The latest BRC-Springboard Footfall and Vacancies Monitor, which covers the five weeks from 24th February to 30th March 2019, found that footfall increased by +1.4%, compared to the previous year when it fell by -6.0%.
High street footfall increased by +2.5%, against a decline of -8.6% in March 2018. Retail park footfall increased by +1.5%, in contrast to March 2018 when footfall decreased by -1.8%.
However, shopping centre footfall fell by -1.0%, against a decline of -4.8% in March 2018 – the 24th month of consecutive decline.
BRC chief executive Helen Dickinson OBE says: “Retailers will be relieved to see footfall up from last year, though this is was heavily influenced by the weather – while shoppers in 2018 were contending with the Beast from the East, this March has been mild by comparison. Unfortunately, the higher footfall has not translated into higher spending.
“The data also showed that shopping centres continue to suffer, with 24 consecutive months of decline in footfall. It is vital that all different shopping locations are fit for the future, offering the mix of retail and experience-led opportunities that generate the necessary footfall to succeed. Furthermore, Government can support this transformation by reforming the outdated business system which holds back firms from investing in physical space."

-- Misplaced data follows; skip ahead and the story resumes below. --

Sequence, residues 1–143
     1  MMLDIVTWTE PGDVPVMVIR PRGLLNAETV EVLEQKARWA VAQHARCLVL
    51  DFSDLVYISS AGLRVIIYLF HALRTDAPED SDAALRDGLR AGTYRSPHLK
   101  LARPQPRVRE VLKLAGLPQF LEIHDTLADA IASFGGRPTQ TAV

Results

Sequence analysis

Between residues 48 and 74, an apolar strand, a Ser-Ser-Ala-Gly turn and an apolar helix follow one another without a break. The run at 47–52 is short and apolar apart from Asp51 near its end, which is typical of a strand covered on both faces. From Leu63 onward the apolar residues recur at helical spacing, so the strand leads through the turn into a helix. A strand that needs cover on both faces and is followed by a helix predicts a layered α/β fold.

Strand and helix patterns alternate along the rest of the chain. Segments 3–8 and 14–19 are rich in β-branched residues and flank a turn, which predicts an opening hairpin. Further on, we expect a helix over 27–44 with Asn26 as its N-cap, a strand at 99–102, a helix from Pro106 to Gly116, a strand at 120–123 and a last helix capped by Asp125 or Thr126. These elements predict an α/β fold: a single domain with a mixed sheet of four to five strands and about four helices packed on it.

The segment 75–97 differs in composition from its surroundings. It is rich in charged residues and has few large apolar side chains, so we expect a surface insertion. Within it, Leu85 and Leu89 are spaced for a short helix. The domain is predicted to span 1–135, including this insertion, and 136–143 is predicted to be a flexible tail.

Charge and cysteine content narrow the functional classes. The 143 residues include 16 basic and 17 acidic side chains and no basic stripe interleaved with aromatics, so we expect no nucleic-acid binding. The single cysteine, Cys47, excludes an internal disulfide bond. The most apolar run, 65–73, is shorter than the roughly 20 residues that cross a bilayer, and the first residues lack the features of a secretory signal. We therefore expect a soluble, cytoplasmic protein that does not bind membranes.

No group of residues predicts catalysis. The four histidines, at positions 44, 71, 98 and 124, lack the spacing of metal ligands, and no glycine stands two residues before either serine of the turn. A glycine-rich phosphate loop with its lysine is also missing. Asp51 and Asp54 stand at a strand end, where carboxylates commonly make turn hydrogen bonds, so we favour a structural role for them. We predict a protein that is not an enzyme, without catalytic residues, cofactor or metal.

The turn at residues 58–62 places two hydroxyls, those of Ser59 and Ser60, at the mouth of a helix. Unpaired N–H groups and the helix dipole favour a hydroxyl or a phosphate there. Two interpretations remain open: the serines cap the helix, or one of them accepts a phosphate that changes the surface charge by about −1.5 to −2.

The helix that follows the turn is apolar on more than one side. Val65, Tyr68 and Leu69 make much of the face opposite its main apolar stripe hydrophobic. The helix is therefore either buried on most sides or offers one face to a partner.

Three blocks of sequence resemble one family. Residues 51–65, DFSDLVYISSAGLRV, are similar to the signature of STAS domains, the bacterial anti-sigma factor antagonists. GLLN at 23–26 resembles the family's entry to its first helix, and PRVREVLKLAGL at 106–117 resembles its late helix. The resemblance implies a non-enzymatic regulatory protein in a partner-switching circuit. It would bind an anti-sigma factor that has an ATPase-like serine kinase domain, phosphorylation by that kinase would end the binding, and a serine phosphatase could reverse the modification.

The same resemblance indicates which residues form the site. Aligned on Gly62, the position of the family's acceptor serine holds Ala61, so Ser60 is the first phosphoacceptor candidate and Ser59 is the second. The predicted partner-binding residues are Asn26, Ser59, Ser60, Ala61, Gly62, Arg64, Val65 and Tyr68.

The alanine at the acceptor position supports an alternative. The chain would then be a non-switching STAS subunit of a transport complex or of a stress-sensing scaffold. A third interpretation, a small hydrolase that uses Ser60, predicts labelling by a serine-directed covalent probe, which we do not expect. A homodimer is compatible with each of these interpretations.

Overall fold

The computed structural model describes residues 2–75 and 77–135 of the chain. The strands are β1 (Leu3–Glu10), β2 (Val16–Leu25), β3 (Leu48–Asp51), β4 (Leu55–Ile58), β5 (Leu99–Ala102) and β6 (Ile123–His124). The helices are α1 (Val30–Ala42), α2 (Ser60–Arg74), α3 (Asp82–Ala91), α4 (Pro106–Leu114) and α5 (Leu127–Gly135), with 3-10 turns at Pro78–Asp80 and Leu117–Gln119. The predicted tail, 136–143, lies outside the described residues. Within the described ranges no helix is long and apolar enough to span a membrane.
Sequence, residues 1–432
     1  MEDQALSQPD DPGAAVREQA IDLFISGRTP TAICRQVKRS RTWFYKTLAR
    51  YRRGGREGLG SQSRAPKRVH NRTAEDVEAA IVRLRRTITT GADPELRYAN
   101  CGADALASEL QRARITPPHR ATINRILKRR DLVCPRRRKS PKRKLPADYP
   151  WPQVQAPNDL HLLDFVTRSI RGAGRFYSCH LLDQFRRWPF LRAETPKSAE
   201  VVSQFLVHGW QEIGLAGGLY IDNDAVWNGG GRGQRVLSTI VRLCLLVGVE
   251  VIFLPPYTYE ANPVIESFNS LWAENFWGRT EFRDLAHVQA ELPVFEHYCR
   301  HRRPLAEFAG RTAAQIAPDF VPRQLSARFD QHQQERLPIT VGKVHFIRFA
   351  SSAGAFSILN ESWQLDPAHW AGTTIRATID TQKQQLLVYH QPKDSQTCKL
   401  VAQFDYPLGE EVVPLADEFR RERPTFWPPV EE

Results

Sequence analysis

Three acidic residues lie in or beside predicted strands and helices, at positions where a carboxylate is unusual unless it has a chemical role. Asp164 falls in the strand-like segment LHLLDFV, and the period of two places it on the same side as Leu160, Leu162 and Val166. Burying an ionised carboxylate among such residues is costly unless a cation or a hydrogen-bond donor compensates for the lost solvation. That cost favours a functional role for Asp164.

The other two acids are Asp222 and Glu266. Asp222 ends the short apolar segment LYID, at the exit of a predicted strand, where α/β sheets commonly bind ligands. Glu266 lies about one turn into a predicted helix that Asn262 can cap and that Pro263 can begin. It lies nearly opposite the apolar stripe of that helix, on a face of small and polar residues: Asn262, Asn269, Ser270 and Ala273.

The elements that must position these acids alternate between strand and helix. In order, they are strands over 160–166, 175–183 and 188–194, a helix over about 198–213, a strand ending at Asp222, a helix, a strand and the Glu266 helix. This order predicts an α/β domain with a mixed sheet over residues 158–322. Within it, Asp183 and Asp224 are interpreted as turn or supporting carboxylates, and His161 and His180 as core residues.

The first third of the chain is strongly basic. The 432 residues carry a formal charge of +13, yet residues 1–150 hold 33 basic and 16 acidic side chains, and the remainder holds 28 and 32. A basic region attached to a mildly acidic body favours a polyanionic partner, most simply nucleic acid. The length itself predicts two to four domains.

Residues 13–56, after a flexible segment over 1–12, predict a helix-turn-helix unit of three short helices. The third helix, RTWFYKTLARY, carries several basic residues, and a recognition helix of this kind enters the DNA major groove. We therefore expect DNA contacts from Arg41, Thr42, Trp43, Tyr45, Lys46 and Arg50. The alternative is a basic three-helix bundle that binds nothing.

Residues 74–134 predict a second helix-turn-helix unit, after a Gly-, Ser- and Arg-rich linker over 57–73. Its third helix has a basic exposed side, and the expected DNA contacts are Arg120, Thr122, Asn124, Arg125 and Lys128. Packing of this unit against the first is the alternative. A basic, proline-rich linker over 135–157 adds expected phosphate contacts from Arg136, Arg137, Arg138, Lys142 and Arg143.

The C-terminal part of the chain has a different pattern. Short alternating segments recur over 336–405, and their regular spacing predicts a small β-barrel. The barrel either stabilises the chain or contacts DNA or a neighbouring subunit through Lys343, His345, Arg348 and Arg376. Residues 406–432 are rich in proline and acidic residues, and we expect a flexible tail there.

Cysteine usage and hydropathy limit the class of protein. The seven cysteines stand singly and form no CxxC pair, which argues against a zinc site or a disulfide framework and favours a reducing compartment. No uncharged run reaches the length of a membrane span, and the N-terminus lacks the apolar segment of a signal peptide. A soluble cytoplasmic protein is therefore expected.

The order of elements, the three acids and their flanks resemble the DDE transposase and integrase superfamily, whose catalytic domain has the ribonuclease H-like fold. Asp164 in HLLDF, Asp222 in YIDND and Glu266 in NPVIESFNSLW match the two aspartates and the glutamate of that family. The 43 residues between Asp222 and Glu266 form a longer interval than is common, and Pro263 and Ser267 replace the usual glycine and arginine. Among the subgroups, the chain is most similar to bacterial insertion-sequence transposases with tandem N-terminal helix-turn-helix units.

Diane Wehrle, Springboard's marketing and insights director, adds: “At first sight the YoY rise in footfall of +1.4% in March appears to signify a reverse in trend from the previous two years, when footfall dropped in all but two of the past 22 months. However, whilst news of an improvement in footfall would be most welcome, it is simply not the case, and instead the rise of +1.4% should be regarded as an exceptional circumstance relating to a dramatic slump in footfall in March 2018 of -6%. Indeed, this was by far the worst monthly result of the year and adversely influenced the outcome for footfall in 2018 as a whole.
“The result clearly indicates that we continue to be in the midst of a no-splurge culture – with consumer confidence continuing to languish, shoppers are clearly focused on prudence. This becomes very obvious when looking at footfall in each week – with the month being bookended by two strong weeks while footfall plunged in the middle three weeks.
"The most significant uplift this year occurred in the first week of the month when footfall rose by +17.6% against the same week in 2018, when Beast from the East hit the UK causing footfall to drop by -16.6%. The second positive week – in the last week of the month – contrasts with the Good Friday/Easter Saturday week last year when the UK was once again beset by poor weather which caused footfall to drop by -1.3%, hence a rise of +1.2% in the same week this year.”